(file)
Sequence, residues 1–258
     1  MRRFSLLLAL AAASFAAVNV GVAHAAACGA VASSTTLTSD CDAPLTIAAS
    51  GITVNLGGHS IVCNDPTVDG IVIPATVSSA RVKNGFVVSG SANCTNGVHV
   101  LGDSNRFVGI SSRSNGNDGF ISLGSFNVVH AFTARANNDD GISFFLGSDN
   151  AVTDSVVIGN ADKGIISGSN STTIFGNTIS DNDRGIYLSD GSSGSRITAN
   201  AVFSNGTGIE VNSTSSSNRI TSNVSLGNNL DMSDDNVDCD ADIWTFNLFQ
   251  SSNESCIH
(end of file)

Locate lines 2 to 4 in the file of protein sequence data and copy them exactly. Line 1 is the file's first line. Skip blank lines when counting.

     1  MRRFSLLLAL AAASFAAVNV GVAHAAACGA VASSTTLTSD CDAPLTIAAS
    51  GITVNLGGHS IVCNDPTVDG IVIPATVSSA RVKNGFVVSG SANCTNGVHV
   101  LGDSNRFVGI SSRSNGNDGF ISLGSFNVVH AFTARANNDD GISFFLGSDN